Mr Smith can insist all he likes that the £400m he has wrested out of the Treasury to plug the gap isn't compensation and doesn't set a precedent, but the truth of the matter is that it is very obviously both of these things. In his short press release on the climbdown yesterday, Mr Smith was deliberately vague on who would qualify for the money and on what terms. Four hundred million is not nearly enough fully to make up the pensions even of those who have already fallen victim to corporate insolvency. Given that other companies will almost certainly fail before the new industry funded compensation scheme set up by the Bill comes into force, the final bill is likely to be very considerably higher.

For the time being, there are more questions than answers. According to one outside estimate, the £400m promised may do little more than substitute for the benefit the Government would in any case have had to pay to ensure these people stayed above the breadline. If that's true, then the Government has bought off the backbench rebellion with smoke and mirrors.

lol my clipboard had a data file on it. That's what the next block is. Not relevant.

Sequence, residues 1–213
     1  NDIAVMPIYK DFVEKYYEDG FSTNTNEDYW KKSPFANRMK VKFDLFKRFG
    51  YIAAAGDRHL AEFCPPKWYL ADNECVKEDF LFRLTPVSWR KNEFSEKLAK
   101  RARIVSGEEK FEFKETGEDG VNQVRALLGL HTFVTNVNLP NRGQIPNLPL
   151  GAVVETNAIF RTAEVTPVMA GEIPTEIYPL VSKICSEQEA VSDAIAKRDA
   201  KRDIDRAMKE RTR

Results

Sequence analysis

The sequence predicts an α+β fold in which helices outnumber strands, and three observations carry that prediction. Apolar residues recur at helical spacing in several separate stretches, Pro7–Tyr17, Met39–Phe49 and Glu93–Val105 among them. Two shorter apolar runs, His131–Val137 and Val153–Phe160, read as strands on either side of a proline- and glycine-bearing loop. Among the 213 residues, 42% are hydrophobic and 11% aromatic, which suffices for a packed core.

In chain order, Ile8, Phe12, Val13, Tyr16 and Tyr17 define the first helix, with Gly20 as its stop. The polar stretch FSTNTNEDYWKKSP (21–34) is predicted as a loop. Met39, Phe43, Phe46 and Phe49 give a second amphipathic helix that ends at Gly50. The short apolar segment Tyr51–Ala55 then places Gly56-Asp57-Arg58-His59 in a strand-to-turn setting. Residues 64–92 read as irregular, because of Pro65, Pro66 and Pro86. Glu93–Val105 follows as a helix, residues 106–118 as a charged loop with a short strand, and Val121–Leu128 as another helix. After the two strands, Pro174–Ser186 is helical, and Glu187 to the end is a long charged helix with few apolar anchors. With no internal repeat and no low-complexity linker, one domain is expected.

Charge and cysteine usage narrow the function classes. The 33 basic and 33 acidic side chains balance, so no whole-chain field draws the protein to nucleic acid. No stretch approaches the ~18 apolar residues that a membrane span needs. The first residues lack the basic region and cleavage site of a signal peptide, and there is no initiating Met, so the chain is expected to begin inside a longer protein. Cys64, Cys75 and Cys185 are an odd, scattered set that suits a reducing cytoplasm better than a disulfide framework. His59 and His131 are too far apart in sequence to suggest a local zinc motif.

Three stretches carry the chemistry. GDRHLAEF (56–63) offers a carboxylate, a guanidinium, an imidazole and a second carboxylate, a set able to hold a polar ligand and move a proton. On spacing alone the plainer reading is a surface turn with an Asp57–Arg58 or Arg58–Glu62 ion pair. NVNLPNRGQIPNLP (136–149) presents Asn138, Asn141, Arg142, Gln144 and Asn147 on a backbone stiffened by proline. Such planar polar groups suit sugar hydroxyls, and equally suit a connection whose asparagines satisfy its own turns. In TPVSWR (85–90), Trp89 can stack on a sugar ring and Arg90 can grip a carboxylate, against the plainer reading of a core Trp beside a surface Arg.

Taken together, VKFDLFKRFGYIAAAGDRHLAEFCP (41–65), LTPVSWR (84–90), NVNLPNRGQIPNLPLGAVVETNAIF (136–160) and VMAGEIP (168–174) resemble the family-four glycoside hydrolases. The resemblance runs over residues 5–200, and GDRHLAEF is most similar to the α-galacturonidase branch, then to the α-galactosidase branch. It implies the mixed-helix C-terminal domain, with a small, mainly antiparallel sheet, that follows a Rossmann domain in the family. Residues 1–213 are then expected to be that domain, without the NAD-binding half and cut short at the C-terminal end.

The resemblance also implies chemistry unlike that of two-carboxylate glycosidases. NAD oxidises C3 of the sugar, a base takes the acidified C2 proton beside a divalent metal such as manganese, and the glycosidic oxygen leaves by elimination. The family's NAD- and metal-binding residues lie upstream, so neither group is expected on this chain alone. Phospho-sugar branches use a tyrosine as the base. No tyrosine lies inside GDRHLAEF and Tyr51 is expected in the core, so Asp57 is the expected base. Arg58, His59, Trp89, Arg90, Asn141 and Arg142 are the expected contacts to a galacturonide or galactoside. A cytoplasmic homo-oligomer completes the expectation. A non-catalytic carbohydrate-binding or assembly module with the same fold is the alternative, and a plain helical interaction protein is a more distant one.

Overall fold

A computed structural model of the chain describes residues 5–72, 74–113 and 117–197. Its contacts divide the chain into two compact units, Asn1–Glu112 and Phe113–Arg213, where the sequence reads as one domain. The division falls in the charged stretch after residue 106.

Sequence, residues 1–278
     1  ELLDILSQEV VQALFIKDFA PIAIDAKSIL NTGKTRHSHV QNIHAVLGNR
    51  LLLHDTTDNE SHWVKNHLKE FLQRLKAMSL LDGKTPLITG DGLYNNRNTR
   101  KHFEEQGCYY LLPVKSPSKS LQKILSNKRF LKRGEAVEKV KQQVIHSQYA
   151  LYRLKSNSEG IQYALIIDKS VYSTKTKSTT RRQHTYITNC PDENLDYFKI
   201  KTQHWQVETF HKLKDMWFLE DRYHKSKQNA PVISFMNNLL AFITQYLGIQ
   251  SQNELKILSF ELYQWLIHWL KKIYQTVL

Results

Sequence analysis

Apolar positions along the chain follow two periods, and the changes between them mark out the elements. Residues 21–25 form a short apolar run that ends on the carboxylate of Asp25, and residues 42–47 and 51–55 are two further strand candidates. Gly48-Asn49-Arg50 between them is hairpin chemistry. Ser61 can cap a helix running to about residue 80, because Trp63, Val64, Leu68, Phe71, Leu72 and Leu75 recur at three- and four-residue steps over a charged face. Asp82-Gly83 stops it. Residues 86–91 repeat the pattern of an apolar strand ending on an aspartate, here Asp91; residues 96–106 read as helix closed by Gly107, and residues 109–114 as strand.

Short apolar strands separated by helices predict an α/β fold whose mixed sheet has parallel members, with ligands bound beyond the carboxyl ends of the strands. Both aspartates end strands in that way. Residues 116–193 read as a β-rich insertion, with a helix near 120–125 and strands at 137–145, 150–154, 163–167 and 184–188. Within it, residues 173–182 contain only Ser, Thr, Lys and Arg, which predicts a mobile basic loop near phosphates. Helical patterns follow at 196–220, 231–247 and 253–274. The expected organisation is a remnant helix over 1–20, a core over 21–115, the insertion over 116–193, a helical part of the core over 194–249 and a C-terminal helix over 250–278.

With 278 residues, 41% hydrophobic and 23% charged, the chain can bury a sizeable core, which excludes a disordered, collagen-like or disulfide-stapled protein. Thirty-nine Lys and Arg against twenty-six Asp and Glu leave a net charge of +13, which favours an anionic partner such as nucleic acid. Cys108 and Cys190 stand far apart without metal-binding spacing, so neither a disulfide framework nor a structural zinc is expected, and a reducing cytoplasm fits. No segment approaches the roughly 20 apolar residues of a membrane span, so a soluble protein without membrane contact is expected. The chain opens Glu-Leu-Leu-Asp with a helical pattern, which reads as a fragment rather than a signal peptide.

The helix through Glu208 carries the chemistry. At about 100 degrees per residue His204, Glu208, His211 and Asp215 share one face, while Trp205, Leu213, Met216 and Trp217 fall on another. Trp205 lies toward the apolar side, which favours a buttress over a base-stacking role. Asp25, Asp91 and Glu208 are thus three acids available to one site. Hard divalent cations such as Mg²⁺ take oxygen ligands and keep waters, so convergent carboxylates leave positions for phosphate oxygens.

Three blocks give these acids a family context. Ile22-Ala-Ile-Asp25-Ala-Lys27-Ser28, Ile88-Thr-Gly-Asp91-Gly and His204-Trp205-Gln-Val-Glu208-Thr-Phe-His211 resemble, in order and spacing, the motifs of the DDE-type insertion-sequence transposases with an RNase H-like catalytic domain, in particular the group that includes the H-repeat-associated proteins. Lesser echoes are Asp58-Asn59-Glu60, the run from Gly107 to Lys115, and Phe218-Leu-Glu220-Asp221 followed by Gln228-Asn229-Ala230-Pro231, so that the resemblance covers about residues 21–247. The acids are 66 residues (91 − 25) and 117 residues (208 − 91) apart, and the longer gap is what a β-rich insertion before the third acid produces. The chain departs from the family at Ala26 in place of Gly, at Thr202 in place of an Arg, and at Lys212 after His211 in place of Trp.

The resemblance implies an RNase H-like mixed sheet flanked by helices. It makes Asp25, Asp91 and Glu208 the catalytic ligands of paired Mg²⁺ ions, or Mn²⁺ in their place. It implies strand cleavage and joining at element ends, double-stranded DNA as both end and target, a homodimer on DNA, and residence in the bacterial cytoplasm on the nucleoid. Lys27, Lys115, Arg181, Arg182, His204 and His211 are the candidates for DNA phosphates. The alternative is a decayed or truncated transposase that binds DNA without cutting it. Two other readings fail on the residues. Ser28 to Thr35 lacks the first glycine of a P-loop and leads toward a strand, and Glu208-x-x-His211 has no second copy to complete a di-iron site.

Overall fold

Rarely has the old expression of rearranging deckchairs on the Titanic been more apposite than when applied to the Government's pensions policy. Seven years ago Labour came to power determined to solve Britain's pensions deficit once and for all. If anything it has made the situation worse. Private pension provision is declining, not increasing, and with occupational pension schemes now available to little more than half the workforce, with many of their beneficiaries in the tax-funded public sector, a potentially catastrophic long-term pensions crisis looms. For most relatively low paid workers it is not worth saving into a pension even if they could afford to because they only deprive themselves of benefit by so doing.